Texting is the quickest way to be misunderstood. With no facial cues or vocal tones, enthusiasm becomes sarcasm, jokes are read as cruelty. But while audio and video chat are vivid, its inconvenient to get both people on a call at the same time.
Yet, a new iOS app called Chime combines the best parts of these media, plus sprinkles on some mustaches and top hats to keep it fun.
Chime lets you record up to 20-second-long video clips and send them to a friend or group. Recipients can reply with their own clips, which get added to a visualized string of contributions that can be rewatched.
Do we need another way to communicate, considering we already have Facebook Messenger, Snapchat, Instagram Direct, email, SMS, and a dozen other channels?
Jared Morgenstern thinks so. He helped create the Like button at Facebook…and he feels kinda bad about it. He was the third designer at the social network, and the button’s product manager when it finally launched. Four different teams had failed to ship it more than seven times over two years.
A brash young man, confident in his instincts, Morgenstern opted to skip the notoriously critical “Zuck Review.” It’s where Mark decides if your feature is worthy of the Facebook user base. The worry was that Liking could cannibalize comments, which gave Facebook’s News Feed its vibrant, friendly feel. But when Morgenstern unilaterally launched the Like button, the data showed it actually boosted comment rates. It became Facebook’s most iconic symbol and a resounding success.
Something else was lost, though.
“How many of you have ever uploaded something and deleted it if it didn’t get enough likes?” Morgenstern asks. “How many of you are wondering if this Ted Talk will be your most liked post ever?” The world became addicted to Likes. They showed gratitude and made people feel appreciated. Still, the prideful little notifications kept people coming back to Facebook over and over to watch their count rise. And that took time away from real human connection.
Years later, Morgenstern was feeling lost. After leaving Facebook, he had begun to exemplify the negative impact of the Like button. “I was realizing that I had been living my life in a constant stream of approval from others. And when this was gone, I was empty. I didn’t know who I was.”
He found himself in the search to bring intimacy back to the way we chat. Text messaging felt thin, while Snapchats he sent never seemed to get enough real, face-to-face replies. He sensed a hole in the fabric of communication. So he Chimed in.
Morgenstern built a team of 6 with $1.2 million from Kleiner Perkins, Slow Ventures, Cowboy Ventures, and some angels. It took two long years, but finally, they’ve emerged with a remarkably polished video clip chat app called Chime. It takes the cumulative permanence of a text thread and marries it with the vivid emotion of speaking with someone face-to-face.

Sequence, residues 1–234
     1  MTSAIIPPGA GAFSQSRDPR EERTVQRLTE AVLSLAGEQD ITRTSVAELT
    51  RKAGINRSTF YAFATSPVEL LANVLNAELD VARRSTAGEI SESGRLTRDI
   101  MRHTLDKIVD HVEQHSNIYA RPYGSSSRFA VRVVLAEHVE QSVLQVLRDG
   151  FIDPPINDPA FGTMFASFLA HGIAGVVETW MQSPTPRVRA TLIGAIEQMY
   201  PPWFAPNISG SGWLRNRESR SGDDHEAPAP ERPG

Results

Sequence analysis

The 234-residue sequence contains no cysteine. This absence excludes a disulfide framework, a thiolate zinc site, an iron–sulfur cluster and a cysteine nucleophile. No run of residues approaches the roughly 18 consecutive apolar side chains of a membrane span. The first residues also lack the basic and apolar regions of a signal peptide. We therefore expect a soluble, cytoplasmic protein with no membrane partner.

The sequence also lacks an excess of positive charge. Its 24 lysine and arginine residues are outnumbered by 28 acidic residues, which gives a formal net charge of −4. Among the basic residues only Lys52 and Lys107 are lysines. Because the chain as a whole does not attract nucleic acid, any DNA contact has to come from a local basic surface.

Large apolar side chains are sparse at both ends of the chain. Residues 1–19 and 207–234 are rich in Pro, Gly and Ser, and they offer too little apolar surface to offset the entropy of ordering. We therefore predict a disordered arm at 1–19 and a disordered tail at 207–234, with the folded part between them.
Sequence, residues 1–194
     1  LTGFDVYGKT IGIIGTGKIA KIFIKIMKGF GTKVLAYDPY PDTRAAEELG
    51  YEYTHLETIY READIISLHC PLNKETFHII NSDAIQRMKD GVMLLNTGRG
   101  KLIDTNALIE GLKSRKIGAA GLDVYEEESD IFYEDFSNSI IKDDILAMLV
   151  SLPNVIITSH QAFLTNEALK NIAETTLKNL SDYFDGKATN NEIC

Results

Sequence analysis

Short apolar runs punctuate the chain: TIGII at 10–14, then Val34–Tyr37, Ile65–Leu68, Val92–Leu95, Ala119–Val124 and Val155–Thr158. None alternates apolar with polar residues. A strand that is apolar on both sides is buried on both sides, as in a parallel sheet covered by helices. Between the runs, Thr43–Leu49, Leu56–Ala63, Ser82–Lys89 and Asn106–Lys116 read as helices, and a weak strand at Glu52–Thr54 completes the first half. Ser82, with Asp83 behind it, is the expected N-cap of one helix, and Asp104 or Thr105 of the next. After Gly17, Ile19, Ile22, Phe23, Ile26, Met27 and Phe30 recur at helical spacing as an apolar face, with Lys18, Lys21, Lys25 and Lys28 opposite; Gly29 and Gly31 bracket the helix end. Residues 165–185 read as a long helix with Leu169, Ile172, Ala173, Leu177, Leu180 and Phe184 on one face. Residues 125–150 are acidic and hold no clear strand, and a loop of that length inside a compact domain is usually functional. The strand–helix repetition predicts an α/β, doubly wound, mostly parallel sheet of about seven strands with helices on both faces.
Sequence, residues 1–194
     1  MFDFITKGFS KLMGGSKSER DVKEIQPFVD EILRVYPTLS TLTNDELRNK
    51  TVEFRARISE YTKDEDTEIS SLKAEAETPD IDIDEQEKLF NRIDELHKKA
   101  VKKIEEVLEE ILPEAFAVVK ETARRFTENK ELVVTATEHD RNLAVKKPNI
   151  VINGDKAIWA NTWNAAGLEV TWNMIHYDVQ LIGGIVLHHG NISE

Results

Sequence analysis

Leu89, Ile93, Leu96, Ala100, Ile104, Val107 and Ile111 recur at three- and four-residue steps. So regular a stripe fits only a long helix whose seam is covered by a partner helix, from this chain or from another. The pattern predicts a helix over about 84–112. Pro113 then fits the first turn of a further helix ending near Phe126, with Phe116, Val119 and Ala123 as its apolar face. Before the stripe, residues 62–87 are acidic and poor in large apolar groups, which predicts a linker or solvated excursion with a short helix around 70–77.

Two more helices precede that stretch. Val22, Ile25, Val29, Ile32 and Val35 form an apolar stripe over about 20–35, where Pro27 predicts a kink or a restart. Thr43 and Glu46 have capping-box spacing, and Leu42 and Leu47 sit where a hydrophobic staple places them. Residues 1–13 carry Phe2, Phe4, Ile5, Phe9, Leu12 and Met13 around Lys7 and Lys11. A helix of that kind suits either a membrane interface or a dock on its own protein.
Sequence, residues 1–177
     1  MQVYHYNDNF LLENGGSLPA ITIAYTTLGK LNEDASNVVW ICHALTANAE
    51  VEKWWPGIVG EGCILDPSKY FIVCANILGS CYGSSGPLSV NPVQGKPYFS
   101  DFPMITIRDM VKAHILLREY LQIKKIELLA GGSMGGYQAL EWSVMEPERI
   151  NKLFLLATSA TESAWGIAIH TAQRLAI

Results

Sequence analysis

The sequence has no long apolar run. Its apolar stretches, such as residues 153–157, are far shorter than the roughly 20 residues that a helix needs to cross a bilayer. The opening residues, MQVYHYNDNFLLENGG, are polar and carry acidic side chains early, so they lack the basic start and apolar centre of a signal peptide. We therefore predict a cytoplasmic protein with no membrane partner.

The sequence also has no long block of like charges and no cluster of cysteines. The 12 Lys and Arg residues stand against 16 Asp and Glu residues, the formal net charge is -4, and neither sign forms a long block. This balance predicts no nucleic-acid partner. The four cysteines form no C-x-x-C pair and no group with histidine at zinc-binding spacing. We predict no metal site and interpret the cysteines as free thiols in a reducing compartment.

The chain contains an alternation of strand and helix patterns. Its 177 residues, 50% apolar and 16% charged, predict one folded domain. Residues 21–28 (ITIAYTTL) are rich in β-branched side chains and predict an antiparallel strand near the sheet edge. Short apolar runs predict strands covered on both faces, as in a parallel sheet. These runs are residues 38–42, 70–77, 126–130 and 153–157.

With Chime, you record 20-second selfie videos, and can send them to a friend or ad-hoc group thread. Recipients can quickly reply, Chiming in on threads that are stylishly visualized as a string of bubbles along the top of the screen.
At any time, someone can go back and watch the old clips, add hearts, smiles, frowns, WTFs, or their own face as feedback. And to cut down on the anxiety of recording when you might not look your best, you can slap little masks, hats, and other effects on top in what Morgenstern likens to make-up.
“If I had to distill the product into the most important thing, it’s about this feeling of intimacy — not sexting, but you know what I mean” Morgenstern says with a laugh. The rollicking group dynamic Chime can achieve makes you feel like you’re in a lively conversation at a party. You contribute in hopes of connecting and entertaining your friends without the pressure to impress the whole world. And there’s no Like count. Feedback piles up visually around a clip’s bubble, but is never quantified.
Filling a theoretical gap in communication doesn’t always equate to popularity, though. With so many competitors in the chat space, Chime faces a stiff challenge when it comes to adoption. I haven’t received a ton of Chimes since it first publicly debuted a few weeks ago. Other chat apps are upping their focus on visual vividness and lowering the barrier to creation, like Snapchat with its new animated selfie lenses.
Chime might need some as-yet-cooked-up secret sauce to be a hit with tastemaking teens that control momentum in the messaging space. But for Morgenstern, the quest to make connection about more than a Like is well worth pursuing. He concludes, “An antidote to loneliness is a much bigger ambition I can be proud of.”